"History is always happening" at Little Rock Central High School National Historic Site
I am utterly amazed at your completely negative review of Brandon Campbell's Little Rock Fashion Week couture show. I found so many positive things about it that you somehow missed.
1.) The show started within minutes of the scheduled time. If you had read the information on the website, it said that the doors opened at 6:00, not that the show started at 6:00.
2.) The show had amazing talent and sponsors.
3.) He created business opportunities for a multitude of Arkansas companies that are proud to have played a part in this first venture.
4.) The event inspired young models to aspire to great things, gave them a sense of self confidence and an opportunity to be a part of a very positive event.
It is clear from your review that you were looking for things to complain about as evidenced by your “snarky remarks” to someone you didn't even know. You were obviously expecting food, which is not what the show was about nor was it ever advertised that there would be refreshments available. I was also surprised by your unkind remarks about Beth Hunt and Sway who are both well respected, professional people.
Little Rock should be proud of Brandon Campbell and his efforts. I know I am, and I look forward to supporting Little Rock Fashion Week next year and for years to come.
In an article in your Best of Arkansas issue you lamented the lost art of folding shirts at local dry cleaners. At Schickels Cleaners most employees are well trained in this practice; and we fold, bag and box dozens of shirts daily. I would suggest your editor visit us at either of our West Little Rock locations (11609 Cantrell or 201 N. Bowman), or our store at 102 Commerce in Maumelle. We'd be happy to accommodate your needs.
R. E. Zimmerman
We were reading your article in the Arkansas Times about Comet Cleaners. We are Hangers Dry Cleaners and I wanted to let you know of our services. We offer free pick-up and delivery services right to your home or office. We pride ourselves on producing the best folded shirt in the State. We have several experienced people who can operate our shirt folding system (including our General Manager).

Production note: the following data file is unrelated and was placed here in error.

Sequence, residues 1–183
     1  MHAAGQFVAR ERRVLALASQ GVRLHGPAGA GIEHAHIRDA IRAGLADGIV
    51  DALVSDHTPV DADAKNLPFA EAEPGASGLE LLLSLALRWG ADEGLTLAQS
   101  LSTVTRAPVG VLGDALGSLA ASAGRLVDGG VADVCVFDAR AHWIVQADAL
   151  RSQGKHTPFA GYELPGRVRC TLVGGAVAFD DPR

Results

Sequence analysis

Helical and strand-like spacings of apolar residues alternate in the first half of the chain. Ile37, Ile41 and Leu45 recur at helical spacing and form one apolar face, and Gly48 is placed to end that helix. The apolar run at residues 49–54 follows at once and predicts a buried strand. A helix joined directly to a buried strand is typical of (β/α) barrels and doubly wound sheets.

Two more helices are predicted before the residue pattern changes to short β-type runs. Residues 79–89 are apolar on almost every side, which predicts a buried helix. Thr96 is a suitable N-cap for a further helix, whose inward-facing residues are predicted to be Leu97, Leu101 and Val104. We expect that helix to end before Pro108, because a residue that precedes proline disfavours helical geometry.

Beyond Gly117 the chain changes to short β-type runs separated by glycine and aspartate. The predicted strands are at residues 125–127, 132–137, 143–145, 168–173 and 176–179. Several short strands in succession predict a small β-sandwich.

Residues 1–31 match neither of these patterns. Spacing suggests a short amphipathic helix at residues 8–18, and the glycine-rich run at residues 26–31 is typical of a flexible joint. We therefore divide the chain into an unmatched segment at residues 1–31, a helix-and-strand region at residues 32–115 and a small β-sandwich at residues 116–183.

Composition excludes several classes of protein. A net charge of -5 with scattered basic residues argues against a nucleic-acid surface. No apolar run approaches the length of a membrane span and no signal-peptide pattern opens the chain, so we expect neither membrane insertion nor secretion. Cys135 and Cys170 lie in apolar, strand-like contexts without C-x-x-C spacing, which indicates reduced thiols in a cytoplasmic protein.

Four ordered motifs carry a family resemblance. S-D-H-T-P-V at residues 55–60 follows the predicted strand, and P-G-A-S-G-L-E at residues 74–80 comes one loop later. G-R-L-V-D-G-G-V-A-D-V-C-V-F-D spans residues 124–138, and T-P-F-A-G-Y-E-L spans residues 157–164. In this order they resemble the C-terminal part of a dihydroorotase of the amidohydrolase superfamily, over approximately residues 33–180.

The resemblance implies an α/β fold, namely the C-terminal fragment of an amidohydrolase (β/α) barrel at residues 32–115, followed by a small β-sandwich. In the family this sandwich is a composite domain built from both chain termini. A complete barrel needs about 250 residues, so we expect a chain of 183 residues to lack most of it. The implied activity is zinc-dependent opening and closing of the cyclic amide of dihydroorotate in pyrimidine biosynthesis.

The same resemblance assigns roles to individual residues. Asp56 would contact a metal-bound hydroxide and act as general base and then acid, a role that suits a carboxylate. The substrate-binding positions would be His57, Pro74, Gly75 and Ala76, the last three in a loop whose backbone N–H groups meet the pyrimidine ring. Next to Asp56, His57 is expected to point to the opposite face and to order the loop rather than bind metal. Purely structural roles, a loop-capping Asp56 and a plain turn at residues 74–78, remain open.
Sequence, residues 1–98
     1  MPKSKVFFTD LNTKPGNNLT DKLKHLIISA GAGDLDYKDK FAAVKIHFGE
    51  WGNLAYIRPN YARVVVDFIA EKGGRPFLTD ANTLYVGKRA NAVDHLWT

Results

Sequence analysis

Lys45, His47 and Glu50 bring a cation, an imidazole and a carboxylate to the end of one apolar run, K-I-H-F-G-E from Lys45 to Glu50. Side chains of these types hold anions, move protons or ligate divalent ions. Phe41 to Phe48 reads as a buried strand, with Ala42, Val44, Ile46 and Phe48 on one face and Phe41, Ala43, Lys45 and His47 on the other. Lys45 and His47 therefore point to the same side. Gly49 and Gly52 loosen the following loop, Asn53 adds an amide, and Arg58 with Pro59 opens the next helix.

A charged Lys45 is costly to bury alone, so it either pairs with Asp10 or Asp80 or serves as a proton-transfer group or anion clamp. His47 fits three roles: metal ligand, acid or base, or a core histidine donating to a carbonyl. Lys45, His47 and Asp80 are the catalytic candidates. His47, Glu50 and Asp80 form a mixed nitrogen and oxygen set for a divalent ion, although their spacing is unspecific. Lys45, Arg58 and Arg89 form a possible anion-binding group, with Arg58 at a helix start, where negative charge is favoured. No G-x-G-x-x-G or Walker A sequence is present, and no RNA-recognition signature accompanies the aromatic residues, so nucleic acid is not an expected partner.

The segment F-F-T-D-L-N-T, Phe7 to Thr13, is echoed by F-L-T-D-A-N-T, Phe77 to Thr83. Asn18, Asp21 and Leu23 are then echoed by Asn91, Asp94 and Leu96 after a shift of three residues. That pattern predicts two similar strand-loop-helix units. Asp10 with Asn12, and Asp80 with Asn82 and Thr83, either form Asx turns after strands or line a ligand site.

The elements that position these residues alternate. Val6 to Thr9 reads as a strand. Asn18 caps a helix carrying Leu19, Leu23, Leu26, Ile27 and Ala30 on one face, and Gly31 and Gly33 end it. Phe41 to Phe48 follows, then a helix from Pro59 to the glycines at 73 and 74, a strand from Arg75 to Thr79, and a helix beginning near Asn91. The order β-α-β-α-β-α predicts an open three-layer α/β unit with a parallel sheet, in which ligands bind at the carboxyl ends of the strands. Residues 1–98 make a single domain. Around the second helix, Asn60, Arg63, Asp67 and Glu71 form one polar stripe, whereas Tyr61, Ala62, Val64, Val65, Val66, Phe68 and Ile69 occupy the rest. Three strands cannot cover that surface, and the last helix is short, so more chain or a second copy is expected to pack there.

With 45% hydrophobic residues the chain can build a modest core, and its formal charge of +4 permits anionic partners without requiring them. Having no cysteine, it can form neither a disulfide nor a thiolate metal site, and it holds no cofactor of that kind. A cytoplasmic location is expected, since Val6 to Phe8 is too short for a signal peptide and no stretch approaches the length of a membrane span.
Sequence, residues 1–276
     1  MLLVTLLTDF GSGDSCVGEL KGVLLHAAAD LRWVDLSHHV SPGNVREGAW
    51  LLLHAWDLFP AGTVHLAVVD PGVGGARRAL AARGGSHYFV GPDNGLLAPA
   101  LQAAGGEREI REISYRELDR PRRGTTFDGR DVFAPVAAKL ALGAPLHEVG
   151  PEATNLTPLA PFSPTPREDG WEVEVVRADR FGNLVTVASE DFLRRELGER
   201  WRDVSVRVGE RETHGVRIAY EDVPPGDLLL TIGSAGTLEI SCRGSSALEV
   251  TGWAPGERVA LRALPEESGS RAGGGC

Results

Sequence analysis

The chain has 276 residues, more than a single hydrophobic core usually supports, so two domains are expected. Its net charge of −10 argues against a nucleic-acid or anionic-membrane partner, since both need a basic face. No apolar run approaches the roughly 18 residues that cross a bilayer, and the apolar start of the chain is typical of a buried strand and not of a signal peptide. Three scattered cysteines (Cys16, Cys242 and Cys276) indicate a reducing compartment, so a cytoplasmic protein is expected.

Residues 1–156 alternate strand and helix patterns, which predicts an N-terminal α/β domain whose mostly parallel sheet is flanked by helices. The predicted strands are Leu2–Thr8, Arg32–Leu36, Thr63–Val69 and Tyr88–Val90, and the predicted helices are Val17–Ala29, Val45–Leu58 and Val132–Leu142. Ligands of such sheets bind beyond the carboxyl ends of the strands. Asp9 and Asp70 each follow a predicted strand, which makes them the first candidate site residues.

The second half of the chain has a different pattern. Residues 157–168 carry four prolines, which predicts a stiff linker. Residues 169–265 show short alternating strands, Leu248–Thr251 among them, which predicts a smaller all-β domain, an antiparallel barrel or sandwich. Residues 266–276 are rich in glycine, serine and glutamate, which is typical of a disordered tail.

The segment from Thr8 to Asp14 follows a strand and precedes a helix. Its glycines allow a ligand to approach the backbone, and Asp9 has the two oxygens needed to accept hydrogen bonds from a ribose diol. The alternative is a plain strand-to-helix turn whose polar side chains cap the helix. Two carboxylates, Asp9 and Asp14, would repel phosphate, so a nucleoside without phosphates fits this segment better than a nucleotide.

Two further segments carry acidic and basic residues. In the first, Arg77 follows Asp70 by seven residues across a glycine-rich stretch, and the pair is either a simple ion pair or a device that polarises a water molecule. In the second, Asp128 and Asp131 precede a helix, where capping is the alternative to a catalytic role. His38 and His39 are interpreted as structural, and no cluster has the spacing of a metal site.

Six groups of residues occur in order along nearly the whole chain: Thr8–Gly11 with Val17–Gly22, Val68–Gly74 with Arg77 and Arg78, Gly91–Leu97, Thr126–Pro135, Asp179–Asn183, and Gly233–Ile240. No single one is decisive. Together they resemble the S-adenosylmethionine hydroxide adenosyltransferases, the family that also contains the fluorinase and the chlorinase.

We have six convenient locations in Little Rock, North Little Rock and Maumelle. We would love for you to try our services (especially our folded shirts!).
Customer service representative
Hangers Dry Cleaners
Reviewing the reviewer
Man, am I tired of reading the movie reviews in the Times. The reviewers NEVER seem to fully understand the films they are reviewing. Case in point: the review of “The Hurt Locker” written by Matthew Reed. “The Hurt Locker” is a fantastic war film, one that successfully resuscitates a dead concept in the modern-day war movie: war is truly hell. Mr. Reed tried to touch on this theme, and seemed to know it was there, but he went about it all wrong, not seeming to understand the film at all. In the review, Mr. Reed praises “Hurt Locker” as “the best war movie made since Full Metal Jacket,” and then proceeds to explain in broad, clumsy brush strokes as to why, completely brushing past the whole point of the movie.
I could go through the entire review, line by line, and show the reader the error of Mr. Reed's ways, but I will save everyone's time and simply encapsulate the whole thing into one debate point: the ending of the film. Now, I won't spoil anything for you, but what I can say is that Matthew Reed did NOT understand the ending scene of “The Hurt Locker,” and instead stated ignorantly “my biggest criticism would be the film's end ... it seemed rushed and tacked on.” Well, it may have “seemed” that way, Mr. Reed, but it was not. The ending of the film was the WHOLE POINT! Without giving it away, “The Hurt Locker” is a war film that shows the viewer ANOTHER angle on the “war is hell” argument, namely its potentially devastatingly addictive nature. The whole film begins not with a title or a list of actors, but with a quote that lingers for an extra moment: “war is a drug.” We are then treated to two hours of watching who we think is a renegade, doesn't-play-by-the-rules protagonist as he repeatedly, miraculously avoids certain catastrophe, proving to everyone what a hero he is. And yet that last scene, the very scene panned by the Times' reviewer, we witness a heart-breaking image that tells us we were all wrong: the protagonist is not a hero. He is an addict, no better than the meth-head down the block, and in fact, altogether much more reckless and dangerous to everyone. Maybe you should read other people's reviews first, Mr. Reed. Doing so might help point you in the right direction next time.
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